Power also increase egocentricity. Adam Galinsky and colleagues of Northwestern University primed power or powerlessness in participants and asked them to draw a capital E on their forehead with a washable marker (Galinsky et al., 2006). Those who had thought about a time they had power over someone tended to draw an E on their forehead which was correct from their point of view, but appeared mirror reversed from the point of view of someone standing opposite them.

One consequence of lack of empathy and egocentricity is that it inclines us to see people as a means to our ends – more as instruments of our own goals. Deborah Gruenfeld and colleagues at Stanford University have found evidence for precisely this: if we arouse power feelings in otherwise ordinary people, they begin to see others as objects. When students were primed into a power mode by reliving a situation from their past where they had power over someone, they were also inclined to see others in terms of how useful they were to them. They were, for instance, more likely to report that they contacted people when they needed something from them and they were less likely to report that they really liked a colleague independently of how useful that person was to them (Gruenfeld et al., 2008).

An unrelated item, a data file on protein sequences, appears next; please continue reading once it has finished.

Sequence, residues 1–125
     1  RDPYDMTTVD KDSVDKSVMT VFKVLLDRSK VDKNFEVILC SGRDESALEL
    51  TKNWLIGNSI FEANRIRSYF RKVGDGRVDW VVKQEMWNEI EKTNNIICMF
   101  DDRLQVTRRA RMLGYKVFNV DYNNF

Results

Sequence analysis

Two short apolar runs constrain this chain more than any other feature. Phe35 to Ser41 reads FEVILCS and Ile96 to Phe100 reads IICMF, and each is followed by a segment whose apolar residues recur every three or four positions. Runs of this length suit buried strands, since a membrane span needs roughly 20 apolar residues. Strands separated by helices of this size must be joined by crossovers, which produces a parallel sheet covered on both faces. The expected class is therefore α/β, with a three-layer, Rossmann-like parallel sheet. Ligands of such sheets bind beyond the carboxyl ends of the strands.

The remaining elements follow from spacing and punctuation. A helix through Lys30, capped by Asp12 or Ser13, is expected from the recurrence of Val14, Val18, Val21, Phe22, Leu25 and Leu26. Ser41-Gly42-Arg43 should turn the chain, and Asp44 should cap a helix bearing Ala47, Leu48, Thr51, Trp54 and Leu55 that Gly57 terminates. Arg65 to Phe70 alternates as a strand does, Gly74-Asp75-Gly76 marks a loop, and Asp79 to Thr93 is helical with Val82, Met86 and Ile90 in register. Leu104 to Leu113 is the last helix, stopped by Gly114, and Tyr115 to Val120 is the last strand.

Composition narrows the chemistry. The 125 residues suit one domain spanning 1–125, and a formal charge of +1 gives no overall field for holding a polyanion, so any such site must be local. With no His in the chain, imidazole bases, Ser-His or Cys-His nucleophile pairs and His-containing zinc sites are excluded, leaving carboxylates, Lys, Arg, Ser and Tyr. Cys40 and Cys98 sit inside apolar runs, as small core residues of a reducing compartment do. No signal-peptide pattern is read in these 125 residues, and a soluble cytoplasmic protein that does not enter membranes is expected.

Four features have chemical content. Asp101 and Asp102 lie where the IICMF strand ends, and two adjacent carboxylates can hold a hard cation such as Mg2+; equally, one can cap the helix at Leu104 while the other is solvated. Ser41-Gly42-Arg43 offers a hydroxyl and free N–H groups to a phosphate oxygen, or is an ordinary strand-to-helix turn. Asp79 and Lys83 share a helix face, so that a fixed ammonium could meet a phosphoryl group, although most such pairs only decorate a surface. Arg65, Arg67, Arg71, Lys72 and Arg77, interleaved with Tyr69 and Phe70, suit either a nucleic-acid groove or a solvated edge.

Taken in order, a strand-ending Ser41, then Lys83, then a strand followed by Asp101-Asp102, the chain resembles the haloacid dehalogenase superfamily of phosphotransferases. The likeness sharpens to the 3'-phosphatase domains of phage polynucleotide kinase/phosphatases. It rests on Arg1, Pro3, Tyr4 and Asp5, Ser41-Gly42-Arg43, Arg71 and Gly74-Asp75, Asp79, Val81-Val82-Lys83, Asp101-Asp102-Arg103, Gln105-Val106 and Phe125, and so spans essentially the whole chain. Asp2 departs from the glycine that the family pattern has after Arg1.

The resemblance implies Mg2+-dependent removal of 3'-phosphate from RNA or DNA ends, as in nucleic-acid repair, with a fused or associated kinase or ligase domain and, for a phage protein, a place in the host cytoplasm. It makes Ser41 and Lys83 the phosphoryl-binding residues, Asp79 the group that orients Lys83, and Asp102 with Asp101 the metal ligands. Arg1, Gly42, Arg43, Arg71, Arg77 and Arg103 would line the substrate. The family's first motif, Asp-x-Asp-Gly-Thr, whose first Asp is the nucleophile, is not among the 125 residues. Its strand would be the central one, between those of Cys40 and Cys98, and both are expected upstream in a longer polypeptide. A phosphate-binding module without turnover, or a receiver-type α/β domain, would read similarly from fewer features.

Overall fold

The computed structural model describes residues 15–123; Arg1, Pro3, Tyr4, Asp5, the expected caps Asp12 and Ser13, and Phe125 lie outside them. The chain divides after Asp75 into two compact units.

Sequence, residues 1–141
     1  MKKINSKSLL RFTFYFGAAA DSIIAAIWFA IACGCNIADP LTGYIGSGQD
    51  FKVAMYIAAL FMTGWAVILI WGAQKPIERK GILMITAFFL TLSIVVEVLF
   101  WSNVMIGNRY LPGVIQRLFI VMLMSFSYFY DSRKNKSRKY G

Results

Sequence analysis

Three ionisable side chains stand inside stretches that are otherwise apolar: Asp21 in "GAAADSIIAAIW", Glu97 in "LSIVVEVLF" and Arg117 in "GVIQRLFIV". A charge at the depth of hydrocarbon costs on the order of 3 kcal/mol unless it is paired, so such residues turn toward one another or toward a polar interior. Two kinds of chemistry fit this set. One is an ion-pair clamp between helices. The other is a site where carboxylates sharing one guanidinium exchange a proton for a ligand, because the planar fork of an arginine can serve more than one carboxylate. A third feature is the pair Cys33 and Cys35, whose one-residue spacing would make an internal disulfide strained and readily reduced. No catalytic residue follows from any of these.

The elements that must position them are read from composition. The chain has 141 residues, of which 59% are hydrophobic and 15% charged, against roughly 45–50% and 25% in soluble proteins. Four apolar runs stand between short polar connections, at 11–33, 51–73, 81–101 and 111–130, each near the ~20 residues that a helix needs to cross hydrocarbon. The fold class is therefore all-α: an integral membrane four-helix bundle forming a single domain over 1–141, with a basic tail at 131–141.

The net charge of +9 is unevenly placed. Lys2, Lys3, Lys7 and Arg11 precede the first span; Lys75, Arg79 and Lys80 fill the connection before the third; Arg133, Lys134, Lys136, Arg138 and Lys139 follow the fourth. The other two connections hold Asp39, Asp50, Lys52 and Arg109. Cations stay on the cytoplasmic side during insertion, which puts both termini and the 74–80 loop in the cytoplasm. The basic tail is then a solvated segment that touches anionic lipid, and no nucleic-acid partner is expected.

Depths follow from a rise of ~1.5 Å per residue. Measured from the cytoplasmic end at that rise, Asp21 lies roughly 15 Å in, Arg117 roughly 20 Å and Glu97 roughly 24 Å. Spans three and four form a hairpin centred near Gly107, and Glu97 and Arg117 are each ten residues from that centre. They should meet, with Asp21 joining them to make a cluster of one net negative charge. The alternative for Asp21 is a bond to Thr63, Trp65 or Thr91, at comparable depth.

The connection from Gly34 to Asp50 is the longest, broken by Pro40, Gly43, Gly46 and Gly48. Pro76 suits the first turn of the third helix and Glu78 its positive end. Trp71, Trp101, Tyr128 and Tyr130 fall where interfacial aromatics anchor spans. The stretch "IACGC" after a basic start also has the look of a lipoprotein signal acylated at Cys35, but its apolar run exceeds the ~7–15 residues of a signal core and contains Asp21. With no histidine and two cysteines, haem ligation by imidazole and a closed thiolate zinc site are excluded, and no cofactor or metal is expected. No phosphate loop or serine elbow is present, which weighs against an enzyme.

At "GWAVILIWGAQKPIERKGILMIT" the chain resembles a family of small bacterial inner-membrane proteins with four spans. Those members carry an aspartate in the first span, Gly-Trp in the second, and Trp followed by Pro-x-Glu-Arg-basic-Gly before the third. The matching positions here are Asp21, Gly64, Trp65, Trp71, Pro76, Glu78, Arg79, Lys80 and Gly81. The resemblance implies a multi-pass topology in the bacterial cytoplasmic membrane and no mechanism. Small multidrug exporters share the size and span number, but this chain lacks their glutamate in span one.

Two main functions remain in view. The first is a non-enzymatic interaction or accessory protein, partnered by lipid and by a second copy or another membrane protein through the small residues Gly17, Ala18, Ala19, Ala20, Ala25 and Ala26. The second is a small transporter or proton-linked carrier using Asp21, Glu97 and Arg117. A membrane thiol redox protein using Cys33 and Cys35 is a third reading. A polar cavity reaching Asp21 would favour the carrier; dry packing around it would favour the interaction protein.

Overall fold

If brief memories of low-grade power in artificial experiments can make people more egocentric and socially uninhibited, and more inclined to see other people as objects, what effects does long-term, large scale power over thousands of people have on the human mind – as in the case of Fred Goodwin for instance? Gruenfeld had a unique opportunity to answer this question at a gathering of high-level business executives who had long experience of wielding power. True to her predictions, Gruenfeld showed that power-wielding senior business executives were more likely than business students to view people – whether underlings or peers – in terms of their usefulness to them rather than in terms of their non-utilitarian personal qualities. Power can also bring out the bully in a person – but only in some people under certain circumstances. Nathanael Fast and colleagues of Stanford University discovered something that will send a shiver of appalled recognition down the spine of all who have worked in an organisation. Power makes bullies of people who feel inadequate in the role of boss (Fast & Chen, 2009). It is a dismaying implication of the famous Peter principle, which states: ‘in a hierarchy every employee tends to rise to his level of incompetence’ (Peter & Hull, 1969). With power comes the demand to perform under the close and critical scrutiny of underlings, peers and bosses. Such power energises and smartens some people, but it stresses out others who might have functioned well in a less powerful position.